“The scars of the ‘Troubles’ are still visible. Some communities — at Bartica, Buxton and Kingston — have become so unsettled by the violence that they erected monuments to the victims.

“The ‘Troubles,’ no doubt, was the consequence of a high-level condonation of, or complicity with, the rise of drug cartels and the importation of illegal narcotics and weapons. These crimes brought an unprecedented wave of criminal violence into this country during the first decade of this century. The consequence of this narco-trade, particularly, has been a bloody battle to extend drug empires and to eliminate anyone who resisted them.

“The Chairman of the Central Intelligence Committee– who during that period was also Head of the Presidential Secretariat – described the criminal violence in the early years of this century as “drug-gang warfare.” He invented the expression ‘phantom force’ to describe the gangs responsible for the perpetration of execution murders.

“The Force, of course, was no ‘phantom.’ It was real. Any mystery about its origins and operations evaporated in October 2003 when a repentant gangster made the startling decision to confess his transgressions and to expose the Force’s links to a government minister.

“A Commission of Inquiry was established to investigate whether the Minister of Home Affairs was implicated in “promoting, directing or otherwise engaged in activities which involved the extra-judicial killing of persons.”

“Before the would-be testifier could testify, however, he was shot dead in his bed, sadly, on the night of 24th June, eight days before the Commission was sworn in on 2nd July 2004.

“It would have been impossible for any society to have survived the ‘Troubles’ which Guyana endured without suffering a ‘secondary impact’ – the after effects. The bandits, ‘the phantom force’ and rogue policemen caused many deaths; too many to be easily forgotten.

The violence perpetrated by rogue policemen under the pretext of conduction of investigations, when in fact there was only intimidation, has left permanent scars. The arbitrary arrests, unwarranted detentions, deliberate shootings, torture, and sham inquiries have had a cumulative, corrosive ‘secondary impact’ on society.

“Many failed to comprehend how violent the drug war had become. Many failed to fathom the repercussions of the prolonged violence which claimed the lives of an unprecedented, and still undetermined, number of policemen and youths”.

Supervised release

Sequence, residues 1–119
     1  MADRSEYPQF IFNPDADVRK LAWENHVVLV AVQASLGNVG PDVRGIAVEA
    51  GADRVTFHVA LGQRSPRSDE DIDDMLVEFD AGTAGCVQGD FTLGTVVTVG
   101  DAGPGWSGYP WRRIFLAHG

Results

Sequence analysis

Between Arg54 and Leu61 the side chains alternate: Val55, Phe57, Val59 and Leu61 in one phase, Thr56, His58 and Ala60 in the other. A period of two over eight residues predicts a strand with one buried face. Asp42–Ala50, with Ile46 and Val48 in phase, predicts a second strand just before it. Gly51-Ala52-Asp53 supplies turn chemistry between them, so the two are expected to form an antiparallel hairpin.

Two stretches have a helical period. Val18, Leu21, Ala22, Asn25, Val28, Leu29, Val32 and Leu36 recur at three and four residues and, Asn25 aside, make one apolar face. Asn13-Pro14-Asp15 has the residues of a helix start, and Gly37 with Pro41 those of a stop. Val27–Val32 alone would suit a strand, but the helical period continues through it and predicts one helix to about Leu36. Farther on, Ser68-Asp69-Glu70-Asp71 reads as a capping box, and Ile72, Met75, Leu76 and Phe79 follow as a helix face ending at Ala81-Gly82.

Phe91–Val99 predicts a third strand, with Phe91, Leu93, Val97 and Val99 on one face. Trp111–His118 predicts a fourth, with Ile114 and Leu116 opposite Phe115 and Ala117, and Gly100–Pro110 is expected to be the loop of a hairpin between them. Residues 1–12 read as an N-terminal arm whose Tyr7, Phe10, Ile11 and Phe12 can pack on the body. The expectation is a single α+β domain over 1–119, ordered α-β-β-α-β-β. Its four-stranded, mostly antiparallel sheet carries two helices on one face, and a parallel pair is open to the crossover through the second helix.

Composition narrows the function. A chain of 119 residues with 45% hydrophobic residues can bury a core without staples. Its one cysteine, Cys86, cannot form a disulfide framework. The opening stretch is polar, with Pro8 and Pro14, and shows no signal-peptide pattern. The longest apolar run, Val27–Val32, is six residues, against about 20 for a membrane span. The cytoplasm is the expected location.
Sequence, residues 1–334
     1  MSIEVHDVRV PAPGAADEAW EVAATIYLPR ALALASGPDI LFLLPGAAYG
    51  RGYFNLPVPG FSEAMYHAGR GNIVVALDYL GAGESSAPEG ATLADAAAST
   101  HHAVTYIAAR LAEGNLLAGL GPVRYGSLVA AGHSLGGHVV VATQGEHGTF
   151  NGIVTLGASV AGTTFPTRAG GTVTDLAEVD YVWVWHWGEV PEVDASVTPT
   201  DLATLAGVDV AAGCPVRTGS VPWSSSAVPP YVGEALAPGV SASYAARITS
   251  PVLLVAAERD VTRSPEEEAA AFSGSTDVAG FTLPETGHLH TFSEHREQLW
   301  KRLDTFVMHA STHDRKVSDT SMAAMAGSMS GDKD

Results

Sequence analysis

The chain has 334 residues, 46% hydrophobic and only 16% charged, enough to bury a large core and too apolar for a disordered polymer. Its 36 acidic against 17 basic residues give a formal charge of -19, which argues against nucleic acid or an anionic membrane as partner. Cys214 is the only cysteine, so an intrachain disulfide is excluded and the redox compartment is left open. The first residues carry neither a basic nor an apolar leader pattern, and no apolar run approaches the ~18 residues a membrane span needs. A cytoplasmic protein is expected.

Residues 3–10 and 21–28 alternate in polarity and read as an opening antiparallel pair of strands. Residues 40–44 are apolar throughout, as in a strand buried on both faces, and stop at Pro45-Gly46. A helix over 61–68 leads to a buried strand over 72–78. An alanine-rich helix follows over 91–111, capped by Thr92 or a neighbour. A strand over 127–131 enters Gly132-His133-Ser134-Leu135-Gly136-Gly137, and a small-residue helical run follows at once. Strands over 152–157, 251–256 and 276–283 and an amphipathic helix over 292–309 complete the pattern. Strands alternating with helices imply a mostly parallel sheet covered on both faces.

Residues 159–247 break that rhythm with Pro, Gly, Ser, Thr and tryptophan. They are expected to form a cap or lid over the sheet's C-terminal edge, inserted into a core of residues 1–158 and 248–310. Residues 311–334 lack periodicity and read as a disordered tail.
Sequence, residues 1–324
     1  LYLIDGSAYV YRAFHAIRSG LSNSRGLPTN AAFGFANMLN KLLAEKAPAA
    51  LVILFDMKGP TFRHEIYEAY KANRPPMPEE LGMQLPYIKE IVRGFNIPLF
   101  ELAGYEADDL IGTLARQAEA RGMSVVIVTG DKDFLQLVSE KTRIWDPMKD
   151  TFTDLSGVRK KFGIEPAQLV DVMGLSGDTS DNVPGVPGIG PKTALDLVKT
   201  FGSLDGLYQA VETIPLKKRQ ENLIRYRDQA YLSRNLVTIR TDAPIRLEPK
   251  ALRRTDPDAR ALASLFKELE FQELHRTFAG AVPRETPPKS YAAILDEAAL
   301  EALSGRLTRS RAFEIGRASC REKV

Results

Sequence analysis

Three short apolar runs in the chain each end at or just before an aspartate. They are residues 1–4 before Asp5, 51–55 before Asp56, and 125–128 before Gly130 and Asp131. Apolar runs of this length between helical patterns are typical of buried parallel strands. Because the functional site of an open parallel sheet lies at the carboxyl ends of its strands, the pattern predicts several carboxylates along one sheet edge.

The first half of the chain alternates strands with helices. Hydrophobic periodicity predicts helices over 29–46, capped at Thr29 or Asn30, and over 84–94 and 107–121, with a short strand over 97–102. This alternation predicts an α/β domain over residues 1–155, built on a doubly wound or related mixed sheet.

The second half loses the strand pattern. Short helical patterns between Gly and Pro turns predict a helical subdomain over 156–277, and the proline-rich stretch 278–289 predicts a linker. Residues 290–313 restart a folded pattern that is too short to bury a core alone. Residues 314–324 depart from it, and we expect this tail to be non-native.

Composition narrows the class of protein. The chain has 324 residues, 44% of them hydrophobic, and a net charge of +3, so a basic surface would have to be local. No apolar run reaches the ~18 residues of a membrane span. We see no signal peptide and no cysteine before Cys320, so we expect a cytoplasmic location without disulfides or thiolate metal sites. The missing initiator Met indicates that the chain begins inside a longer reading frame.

When sentencing Khan in October 2009, following his confession to drug trafficking, US Federal Judge Dora Irizarry had stated that following his prison term, Khan would be placed on five years’ supervised release, but would more than likely be deported. She had warned him that if he re-entered the US illegally after deportation, he would be arrested and sentenced to a much longer prison term than 15 years.

In her comments during the sentencing, Judge Irizarry had said that while no sentence imposed on Khan would make right whatever atrocities he had committed, the fact that he would serve time in a US prison meant that justice had been served. She had sentenced him to two terms of 15 years and one term of 10 years, all of which ran concurrently.

The sentencing marked the culmination of Khan’s case, which had riveted the country as explosive information linking the Guyana government to the once powerful and violent drug lord was revealed. Khan’s now convicted lawyer’s trial had been similarly revealing.

Among other things, Khan was linked to the former PPP/C government and former Health Minister Dr Leslie Ramsammy was implicated as being the government official who authorised the importation of spy equipment found in a vehicle in which Khan and others were travelling. Ramsammy has repeatedly denied any links to Khan.

Following his release on Monday, Khan was transferred to a “low security federal correctional institution with an adjacent minimum-security satellite camp” before ICE took custody of him.

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Comments

  • Trevor  On July 11, 2019 at 11:49 pm

    America white man smart.

    Roger Khan coming here for late 2019, but sure he gonna be here by 2020.
    Exxon-Mobil producing first oil 2020.

    See the connection?